Mar 15, 2019

World Health Organization gives mixed message on Ebola fight

Data: DRC Ministry of Health; Chart: Andrew Witherspoon, Harry Stevens/Axios

A week after the nonprofit group Doctors Without Borders (MSF) issued a warning that the fight against the Ebola outbreak in the Democratic Republic of the Congo (DRC) was on the verge of failing, the head of the World Health Organization provided a more upbeat message on Thursday.

Why it matters: This is the second-largest Ebola outbreak on record, and the WHO is taking the lead role in combatting it. How this organization views the response effort is critical to determining the course of this outbreak.

Details: WHO director-general Tedros Adhanom Ghebreyesu, who just returned from a trip to the DRC alongside CDC director Robert Redfield, touted the fact that despite the outbreak continuing to flare within the Congo, it has not spread to any other countries.

  • He also said the number of new cases per week is down since January.

"Despite the incredibly difficult situation, the outbreak has been contained in 11 out of the 28 communities that have had cases," Tedros said. "You cannot say it's failing when the outbreak is contracting."

Tedros warned that the outbreak could grow worse if the security situation deteriorates.

Context: Medical teams struggling to extinguish this outbreak have been battling violent attacks from rebel groups and communities with a high level of distrust against them, the latest occurring Thursday.

Last week, MSF called for a new approach to gain the trust of the local population. One of MSF's biggest concerns is that a high proportion of new deaths have been community cases, unknown to authorities beforehand. Such cases can help spread the virus further.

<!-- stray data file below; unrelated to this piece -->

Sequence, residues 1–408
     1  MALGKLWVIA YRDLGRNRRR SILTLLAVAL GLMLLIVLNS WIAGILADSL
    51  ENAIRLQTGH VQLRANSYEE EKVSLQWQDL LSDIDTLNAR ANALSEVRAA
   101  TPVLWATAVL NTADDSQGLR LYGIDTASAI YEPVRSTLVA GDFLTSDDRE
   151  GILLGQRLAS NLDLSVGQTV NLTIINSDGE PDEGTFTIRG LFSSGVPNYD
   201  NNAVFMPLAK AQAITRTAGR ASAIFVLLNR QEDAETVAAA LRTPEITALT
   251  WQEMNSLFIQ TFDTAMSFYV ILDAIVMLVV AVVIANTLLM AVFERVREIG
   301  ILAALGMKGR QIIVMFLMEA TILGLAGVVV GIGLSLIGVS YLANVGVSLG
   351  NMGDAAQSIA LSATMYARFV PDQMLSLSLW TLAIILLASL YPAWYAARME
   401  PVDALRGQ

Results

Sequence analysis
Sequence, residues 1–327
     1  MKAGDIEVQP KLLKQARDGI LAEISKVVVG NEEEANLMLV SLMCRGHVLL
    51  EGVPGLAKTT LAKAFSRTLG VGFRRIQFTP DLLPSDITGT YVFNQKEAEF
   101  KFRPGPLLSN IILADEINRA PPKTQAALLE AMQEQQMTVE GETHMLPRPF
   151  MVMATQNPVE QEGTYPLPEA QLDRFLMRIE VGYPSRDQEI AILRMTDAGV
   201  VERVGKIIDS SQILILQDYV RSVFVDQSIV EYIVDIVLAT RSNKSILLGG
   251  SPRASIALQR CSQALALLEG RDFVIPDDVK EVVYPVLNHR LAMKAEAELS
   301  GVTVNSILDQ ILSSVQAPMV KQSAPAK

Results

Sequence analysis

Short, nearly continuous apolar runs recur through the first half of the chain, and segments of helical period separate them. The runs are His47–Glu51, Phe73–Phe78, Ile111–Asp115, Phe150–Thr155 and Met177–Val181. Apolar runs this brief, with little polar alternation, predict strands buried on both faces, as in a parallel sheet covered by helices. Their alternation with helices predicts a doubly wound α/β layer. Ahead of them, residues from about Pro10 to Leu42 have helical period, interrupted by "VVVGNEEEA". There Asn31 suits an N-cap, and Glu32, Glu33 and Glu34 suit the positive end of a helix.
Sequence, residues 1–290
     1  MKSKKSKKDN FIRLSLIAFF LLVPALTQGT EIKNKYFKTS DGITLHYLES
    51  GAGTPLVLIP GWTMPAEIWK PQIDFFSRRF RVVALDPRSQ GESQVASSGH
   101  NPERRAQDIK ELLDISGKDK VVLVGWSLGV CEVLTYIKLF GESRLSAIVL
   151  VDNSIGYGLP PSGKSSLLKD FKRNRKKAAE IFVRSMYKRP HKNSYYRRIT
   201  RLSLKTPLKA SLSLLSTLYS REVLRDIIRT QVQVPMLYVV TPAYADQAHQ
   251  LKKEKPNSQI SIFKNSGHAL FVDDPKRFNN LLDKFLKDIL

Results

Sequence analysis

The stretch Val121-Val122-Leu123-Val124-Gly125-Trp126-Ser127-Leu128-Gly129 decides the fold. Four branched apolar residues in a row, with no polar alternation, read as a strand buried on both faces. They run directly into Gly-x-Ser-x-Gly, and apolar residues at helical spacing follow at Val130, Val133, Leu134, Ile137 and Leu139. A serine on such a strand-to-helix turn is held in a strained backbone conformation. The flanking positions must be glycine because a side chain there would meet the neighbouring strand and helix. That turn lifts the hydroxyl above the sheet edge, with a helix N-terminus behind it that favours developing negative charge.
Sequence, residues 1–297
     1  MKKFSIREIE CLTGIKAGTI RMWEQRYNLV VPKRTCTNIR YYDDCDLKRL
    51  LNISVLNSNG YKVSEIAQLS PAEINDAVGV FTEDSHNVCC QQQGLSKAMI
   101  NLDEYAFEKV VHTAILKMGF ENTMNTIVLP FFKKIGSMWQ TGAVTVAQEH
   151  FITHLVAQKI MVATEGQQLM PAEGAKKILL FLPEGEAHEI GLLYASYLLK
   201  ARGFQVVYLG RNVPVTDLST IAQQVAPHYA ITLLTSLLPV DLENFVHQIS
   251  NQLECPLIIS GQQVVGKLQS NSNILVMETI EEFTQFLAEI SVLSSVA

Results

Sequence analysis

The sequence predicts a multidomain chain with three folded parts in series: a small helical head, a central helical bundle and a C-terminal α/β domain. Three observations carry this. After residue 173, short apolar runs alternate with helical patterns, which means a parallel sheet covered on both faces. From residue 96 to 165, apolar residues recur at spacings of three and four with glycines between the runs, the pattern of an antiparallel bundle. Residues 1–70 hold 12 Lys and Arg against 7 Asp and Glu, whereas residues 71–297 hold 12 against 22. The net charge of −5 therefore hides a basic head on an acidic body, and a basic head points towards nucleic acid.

Johns Hopkins' public health expert Jennifer Nuzzo says she continues to have concerns about the reliability of the case statistics, due to the interruptions from security incidents. “I just really worry that we’re missing cases,” she tells Axios.

Go deeper: Axios' complete Ebola outbreak coverage

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Older candidates take the lead on social media

Illustration: Eniola Odetunde/Axios

Michael Bloomberg, Bernie Sanders and Joe Biden — all close to 80 — are pushing the boundaries on social media, while their younger Democratic presidential rivals are comparatively staying out of the fray.

The big picture: President Trump's unexpected rise to political power has shown Democrats and world leaders the power of harnessing popular internet culture to get elected.

South Korea and Italy step up emergency measures as coronavirus cases jump

Data: The Center for Systems Science and Engineering at Johns Hopkins, the CDC, and China's Health Ministry. Note: China numbers are for the mainland only and U.S. numbers include repatriated citizens.

The novel coronavirus has spread to more nations as South Korea and Italy step up emergency measures in their countries amid rising case numbers on Sunday.

The big picture: COVID-19 has killed at least 2,462 people and infected almost 79,000 others, mostly in mainland China. South Korea increased the infectious disease alert to red, the highest possible, as its case numbers jumped to 602 and the death toll to five. Italy's government announced emergency measures, with several towns in the north effectively placed in lockdown, as it confirmed two deaths and infections rose to 79.

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Bernie Sanders wins Nevada caucus

Democratic presidential candidate Sen. Bernie Sanders waves to supporters at a campaign rally on Friday in Las Vegas. Photo: Mario Tama/Getty Images

Sen. Bernie Sanders is projected to handily win the Nevada Democratic primary caucus, becoming the clear frontrunner among 2020 Democratic presidential primary election candidates.

Why it matters: Nevada is the first state with a diverse population to hold a nominating contest, highlighting candidates' abilities to connect with voters of color — particularly Latino voters.

Go deeperArrowUpdated 4 hours ago - Politics & Policy